Can Ending Stigma Really Ever Be Accomplished???
Last week in Tennessee a tragedy happened when Michael Cummins, was accused of killing seven people. It is reported Cummins terrorized the neighborhood and did not show up for his mental health appointments. His probation officer signed an order to revoke his bond and law enforcement was days away from sending him back to jail. Clearly, anyone who attempts or succeeds in killing another human being is not mentally healthy long term or at that moment which I feel, we all can agree.
This leads to the mystery of one of the Holy Grails…
How do you fully advocate community members to put their effort toward growing compassion to help end stigma against mental health illnesses and substance use disorders when this minor percentage of people with severe illnesses cause harm and death to others?
Of course, those of us who are working in the social service industry have an understanding of genetics and mental illnesses, but we are only a small percentage of the world. The other larger percentage in the community are not in the social service industry. Here is a quote, word for word, recently stated from one of those people not in our industry:
“I don’t want those crazy people around me or my kids, other people who want to deal with them can, but they need to stay the h*ll away from us"….end quote.
This was a response I received when I advocated to help reduce stigma through knowledge and compassion.
Just like some flaws in thinking are made by making a part of something the meaning for a whole of something is a wrong perception by classifying one person’s doing as everyone’s doing, this is part of the mind frame sustaining stigma. If you think about it, could you see how the frame of thinking can be a defense mechanism and a natural human reaction to avoid harm especially if they have been harmed or traumatized before?
In an article posted on a therapy website it states,” we need to be a society that does not discriminate or ostracize people because of mental illness, but instead we should accept and embrace them, rally, and support them, just as we would for someone who is fighting a physical illness such as cancer.”
I do agree with this; however, some levels of illness are so severe….only providing an embracing and supporting theme can be a dangerous activity. These different levels need to be acknowledged.
For those of us who have worked in the higher level of care treatment facilities and first responders, safety is often put at risk; however, we are trained on how to deal with it and for those on the front line, harm can still be caused by being punched, bitten, or even having your car stolen. Those community members who are not trained and are neighbors or in public areas with those having severe illnesses, what do they do, they don’t know what they don’t know and if someone is trying to harm them or themselves…. then what?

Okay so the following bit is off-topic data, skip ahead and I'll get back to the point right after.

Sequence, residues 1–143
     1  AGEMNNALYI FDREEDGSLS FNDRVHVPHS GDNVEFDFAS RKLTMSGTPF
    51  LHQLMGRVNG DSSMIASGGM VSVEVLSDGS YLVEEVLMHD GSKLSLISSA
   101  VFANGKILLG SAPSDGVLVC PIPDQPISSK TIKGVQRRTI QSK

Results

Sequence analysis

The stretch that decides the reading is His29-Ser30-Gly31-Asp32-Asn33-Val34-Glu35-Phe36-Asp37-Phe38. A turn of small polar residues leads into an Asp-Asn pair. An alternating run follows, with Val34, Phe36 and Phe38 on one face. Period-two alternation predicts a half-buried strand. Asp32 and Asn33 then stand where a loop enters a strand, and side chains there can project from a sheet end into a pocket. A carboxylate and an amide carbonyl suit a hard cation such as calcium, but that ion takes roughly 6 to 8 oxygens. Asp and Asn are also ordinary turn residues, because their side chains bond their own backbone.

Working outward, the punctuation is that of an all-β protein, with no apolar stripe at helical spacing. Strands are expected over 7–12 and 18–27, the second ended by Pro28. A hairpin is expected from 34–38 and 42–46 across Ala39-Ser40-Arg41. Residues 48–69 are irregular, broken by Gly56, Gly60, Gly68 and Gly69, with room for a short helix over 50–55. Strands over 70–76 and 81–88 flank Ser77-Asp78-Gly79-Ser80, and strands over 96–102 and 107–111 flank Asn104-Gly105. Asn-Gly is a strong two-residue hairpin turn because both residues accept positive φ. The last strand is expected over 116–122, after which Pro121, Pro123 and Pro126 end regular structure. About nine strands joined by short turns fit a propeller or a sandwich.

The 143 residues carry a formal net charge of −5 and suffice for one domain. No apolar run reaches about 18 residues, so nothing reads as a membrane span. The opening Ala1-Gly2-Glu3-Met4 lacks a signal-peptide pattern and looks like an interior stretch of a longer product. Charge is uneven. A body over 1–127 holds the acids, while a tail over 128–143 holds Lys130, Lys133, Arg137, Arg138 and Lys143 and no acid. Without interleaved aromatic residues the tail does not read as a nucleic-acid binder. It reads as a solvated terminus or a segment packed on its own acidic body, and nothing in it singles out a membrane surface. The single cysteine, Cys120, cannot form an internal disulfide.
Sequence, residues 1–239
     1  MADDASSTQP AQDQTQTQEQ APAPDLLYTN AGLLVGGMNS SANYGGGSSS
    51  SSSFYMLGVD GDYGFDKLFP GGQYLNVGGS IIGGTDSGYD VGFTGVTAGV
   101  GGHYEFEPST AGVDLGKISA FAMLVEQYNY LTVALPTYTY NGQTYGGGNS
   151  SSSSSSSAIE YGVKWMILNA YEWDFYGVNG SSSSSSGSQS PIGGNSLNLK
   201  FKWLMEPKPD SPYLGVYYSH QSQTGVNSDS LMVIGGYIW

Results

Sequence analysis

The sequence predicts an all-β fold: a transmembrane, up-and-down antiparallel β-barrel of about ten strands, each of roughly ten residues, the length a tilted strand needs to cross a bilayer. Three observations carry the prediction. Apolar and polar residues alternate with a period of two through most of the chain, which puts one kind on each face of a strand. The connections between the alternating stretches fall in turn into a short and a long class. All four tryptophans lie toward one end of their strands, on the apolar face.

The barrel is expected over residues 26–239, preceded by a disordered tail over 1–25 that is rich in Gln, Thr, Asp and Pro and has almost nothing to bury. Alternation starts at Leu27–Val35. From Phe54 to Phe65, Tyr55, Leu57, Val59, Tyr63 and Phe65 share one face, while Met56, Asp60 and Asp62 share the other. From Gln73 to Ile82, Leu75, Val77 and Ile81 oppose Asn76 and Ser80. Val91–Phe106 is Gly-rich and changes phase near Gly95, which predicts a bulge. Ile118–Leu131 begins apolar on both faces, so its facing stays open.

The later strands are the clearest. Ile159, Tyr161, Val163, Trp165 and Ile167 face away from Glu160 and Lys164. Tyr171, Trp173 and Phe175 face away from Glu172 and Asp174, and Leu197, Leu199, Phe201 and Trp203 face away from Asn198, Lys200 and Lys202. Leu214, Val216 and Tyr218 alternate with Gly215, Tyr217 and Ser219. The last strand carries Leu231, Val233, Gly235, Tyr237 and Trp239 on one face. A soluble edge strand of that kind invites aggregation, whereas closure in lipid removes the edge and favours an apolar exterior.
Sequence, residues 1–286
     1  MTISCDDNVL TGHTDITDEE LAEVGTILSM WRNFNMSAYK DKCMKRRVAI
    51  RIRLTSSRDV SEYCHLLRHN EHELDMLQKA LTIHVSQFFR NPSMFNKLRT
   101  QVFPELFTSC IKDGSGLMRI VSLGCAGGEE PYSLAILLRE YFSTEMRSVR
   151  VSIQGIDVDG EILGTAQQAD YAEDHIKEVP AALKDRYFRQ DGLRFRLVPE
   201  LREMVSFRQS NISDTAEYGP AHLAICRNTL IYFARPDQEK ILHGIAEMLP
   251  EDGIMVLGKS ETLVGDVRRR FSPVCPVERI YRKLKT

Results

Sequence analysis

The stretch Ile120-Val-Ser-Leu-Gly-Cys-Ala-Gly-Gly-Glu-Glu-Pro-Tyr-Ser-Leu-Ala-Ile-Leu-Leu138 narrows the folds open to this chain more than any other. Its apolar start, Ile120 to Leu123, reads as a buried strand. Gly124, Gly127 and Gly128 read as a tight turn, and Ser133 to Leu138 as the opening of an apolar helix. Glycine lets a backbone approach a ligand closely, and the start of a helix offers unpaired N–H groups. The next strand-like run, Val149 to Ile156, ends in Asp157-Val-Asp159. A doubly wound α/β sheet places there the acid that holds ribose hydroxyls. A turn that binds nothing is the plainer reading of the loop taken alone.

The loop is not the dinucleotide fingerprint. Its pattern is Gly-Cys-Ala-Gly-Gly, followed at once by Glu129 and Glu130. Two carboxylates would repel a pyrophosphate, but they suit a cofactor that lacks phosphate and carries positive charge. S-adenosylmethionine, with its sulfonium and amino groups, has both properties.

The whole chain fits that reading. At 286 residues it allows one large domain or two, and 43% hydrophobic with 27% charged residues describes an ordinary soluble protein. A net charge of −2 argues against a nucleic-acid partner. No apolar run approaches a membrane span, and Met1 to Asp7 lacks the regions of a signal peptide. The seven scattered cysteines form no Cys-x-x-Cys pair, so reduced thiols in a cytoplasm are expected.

A large majority of those with mental illnesses are not like that, but the tragic events from people with severe harming mental illnesses cloud the true characteristics and accuracy of mental illnesses as a whole keeping stigma alive and strong. As in the case above, people still were harmed and died, but that is only a small representation of the whole.
In an article written in 2018, by David Levine, he states, “A research review of 22 studies, published in the journal BMC Psychiatry in 2010, found that stigma and embarrassment were among the most-often listed reasons why young patients with mental illness did not adhere to their medication regimens.”
This study reflects a conflict or some shall say, a catch 22, in the probability of success to ever really end stigma. Especially when events such as the 7 killings which happened in Tennessee last week from someone accused of killing them had a mental illness.
Policy can make those who work in the industry be required to have specialized training, but what about everyone else that is not in social services? What is their motivation to get training so they can have the empathy to get rid of their stigma or like in the Cummins situation, how to identify and protect themselves when an illness is severe and may cause physical harm?
Should funding be focused not only on the efforts to reduce stigma through knowledge and education of mental illnesses, but be more funded as well on the efforts on how the community can identify and differentiate the severity of mental illnesses, how to get someone help if they need it, and how to protect themselves if the person with the severe mental illness harms themselves or others?
Cummins neighbors witnessed his unusual behavior before the mass murders, he even tried to catch one of their residences on fire. This leads me to address this topic to spark some interest and conversation about, "See something, Say something, and to further it more….,” Do something.”
It seems the, “End Stigma,” issue may be better combatted when events like Cummins or others do not get to the severe point where harm is caused. This leads to the issue of the, "Bystander Effect.”